Online Presence Part II
This is the second part of the Online Presence Assignment. Please review the open sections of the first part of this assignment. They contain important information about the steps you need to take to complete this assignment.
The key steps:
- Get set up on Twitter
- Get set up on Evernote
- Add your Twitter and Evernote links to your online presence document.
If you don’t already have one, create a Twitter Account. To get started, you need only enter a name, an email address and a password. Again, you could use a name like FirstNameLastNameBc, where FirstNameLastName is your first and last names. For instance: charliecalvertbc.
Please make your account public. If you don’t want your regular Twitter account to be public, then please create a separate account for this course that is public.
NOTE: Twitter allows you to broadcast short phrases to the world. There are scenarios in which it makes sense to broadcast to a private group, but in general, the purpose of Twitter is to broadcast messages to anyone who wants to listen. In this course, we are exploring the cloud as it presents itself to the world. Public Twitter accounts are one of the major hubs in the cloud, and it is important that you learn how to use them.
After you create the account, you will be taken through a wizard that helps you get plugged in to the Twitter community. There is a “Skip this step” option to help you move through the prompts, or you can fill in any available options that you find appealing.
After you are set up, you should edit your Profile from the black menu bar at the top of the page. Make sure your twitter account Profile includes:
- Your name.
- A picture of yourself
- A short bio
- A url pointing to your your web site, which could be the Google site we just created, or some other site if you prefer to use it.
- For your location you can just enter Washington, or be more specific if you want. For instance, you could enter Bellevue, WA.
- Follow my CalvertBc Twitter account and leave a message to @calvertbc announcing your presence. Remember tweets are 140 characters or less, so keep you message short. To see who has left you a post, choose notifications from your menu bar.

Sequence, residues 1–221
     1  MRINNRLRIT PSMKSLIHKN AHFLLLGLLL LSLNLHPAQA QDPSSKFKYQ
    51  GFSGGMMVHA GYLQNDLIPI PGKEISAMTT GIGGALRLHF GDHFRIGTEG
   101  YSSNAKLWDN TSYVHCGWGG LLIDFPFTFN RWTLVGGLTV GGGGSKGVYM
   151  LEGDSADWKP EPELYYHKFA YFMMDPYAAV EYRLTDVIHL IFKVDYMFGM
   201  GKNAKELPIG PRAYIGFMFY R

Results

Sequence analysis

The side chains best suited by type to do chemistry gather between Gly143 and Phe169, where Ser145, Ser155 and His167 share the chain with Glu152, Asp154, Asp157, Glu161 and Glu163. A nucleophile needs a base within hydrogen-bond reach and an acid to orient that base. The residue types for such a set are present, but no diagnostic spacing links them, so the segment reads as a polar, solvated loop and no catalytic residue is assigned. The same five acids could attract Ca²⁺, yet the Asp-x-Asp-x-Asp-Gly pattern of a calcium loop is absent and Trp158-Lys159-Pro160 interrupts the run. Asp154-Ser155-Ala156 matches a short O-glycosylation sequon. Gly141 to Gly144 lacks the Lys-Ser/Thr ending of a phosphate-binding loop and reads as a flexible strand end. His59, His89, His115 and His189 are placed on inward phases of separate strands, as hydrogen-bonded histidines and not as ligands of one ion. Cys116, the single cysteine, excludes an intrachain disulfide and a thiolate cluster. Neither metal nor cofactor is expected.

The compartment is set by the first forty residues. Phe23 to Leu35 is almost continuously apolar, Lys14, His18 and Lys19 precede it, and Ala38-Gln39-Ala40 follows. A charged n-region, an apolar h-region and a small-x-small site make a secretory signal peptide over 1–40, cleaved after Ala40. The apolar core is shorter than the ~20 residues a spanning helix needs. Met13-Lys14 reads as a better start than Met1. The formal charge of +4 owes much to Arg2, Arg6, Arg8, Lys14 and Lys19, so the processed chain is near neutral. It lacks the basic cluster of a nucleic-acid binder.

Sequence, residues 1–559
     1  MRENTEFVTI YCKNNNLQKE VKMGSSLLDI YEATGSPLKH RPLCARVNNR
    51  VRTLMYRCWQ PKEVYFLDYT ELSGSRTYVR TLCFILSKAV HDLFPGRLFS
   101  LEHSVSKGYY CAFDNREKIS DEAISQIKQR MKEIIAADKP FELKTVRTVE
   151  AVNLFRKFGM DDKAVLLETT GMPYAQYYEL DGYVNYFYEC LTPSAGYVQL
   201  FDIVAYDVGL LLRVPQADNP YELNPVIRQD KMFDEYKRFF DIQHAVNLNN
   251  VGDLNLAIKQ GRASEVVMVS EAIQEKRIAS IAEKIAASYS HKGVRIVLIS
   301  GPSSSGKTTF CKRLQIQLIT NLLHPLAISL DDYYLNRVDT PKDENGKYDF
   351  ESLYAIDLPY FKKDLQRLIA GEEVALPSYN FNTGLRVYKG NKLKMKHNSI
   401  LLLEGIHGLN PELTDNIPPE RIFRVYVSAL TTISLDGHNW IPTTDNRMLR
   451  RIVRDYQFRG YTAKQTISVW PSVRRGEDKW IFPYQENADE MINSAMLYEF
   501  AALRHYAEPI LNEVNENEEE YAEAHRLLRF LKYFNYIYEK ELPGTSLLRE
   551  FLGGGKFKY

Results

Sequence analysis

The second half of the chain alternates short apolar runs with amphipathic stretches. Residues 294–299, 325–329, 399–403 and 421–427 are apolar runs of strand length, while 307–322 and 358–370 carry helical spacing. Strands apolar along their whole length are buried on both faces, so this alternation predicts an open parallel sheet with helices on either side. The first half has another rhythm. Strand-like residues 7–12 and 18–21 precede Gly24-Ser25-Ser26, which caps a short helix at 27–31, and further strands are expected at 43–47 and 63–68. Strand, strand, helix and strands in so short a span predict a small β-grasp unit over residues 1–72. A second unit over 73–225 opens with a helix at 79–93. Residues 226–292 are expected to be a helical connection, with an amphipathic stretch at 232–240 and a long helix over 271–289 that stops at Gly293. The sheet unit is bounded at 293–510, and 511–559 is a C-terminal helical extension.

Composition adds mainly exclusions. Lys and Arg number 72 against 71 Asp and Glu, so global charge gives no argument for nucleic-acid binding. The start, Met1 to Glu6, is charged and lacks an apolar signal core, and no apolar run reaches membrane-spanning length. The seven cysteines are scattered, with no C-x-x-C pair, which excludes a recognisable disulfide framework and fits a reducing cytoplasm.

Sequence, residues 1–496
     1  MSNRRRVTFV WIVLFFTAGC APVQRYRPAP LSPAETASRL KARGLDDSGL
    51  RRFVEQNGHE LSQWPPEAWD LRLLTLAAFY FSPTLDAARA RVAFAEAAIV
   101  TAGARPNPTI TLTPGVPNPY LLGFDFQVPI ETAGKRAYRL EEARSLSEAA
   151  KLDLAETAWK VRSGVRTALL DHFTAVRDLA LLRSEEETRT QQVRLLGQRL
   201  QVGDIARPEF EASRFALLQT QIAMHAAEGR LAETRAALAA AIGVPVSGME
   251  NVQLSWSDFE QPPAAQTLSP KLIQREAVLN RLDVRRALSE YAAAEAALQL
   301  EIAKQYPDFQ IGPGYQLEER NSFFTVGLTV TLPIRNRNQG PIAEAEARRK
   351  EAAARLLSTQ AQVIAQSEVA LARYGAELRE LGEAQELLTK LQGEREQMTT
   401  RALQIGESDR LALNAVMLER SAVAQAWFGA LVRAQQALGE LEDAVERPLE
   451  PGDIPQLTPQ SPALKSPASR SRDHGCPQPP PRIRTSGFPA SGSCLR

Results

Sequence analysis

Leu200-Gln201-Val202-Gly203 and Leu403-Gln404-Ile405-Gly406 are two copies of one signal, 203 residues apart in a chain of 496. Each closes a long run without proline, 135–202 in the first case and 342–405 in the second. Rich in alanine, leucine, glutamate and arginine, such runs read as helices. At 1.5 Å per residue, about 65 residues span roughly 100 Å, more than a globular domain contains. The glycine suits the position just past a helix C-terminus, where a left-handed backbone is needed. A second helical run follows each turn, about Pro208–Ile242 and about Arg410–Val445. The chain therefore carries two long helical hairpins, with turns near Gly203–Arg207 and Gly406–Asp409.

The last time I looked, it was not particularly easy to delete a twitter account. If you make a mistake and want to start over, you can try searching for solutions on the web, or just abandon the corrupted account and create a new one.
Sooner or later some student always seems to ask: “Why Twitter?” That is a reasonable question. Twitter is an odd tool, but it is particular well suited for use on mobile devices because it works with small chunks of text. It is true that a huge amount of useless junk is posted on Twitter every day. On the other hand, some of the smartest and most powerful people in the world have Twitter accounts and use them regularly, sometimes to great effect. This is particularly true in the development world. Lot’s of smart developers post to twitter regularly, and following them can be very useful. It is a great way to see what the best minds in the industry are thinking.
I have also found that many people don’t really understand how Twitter works or how to use it. Everyone should know how to use Twitter. It is a part of the fabric of modern life. We will not spend much time with Twitter, but I do want to be sure that everyone who passes through my mobile and cloud courses understands this relatively simple tool, and knows how to use it.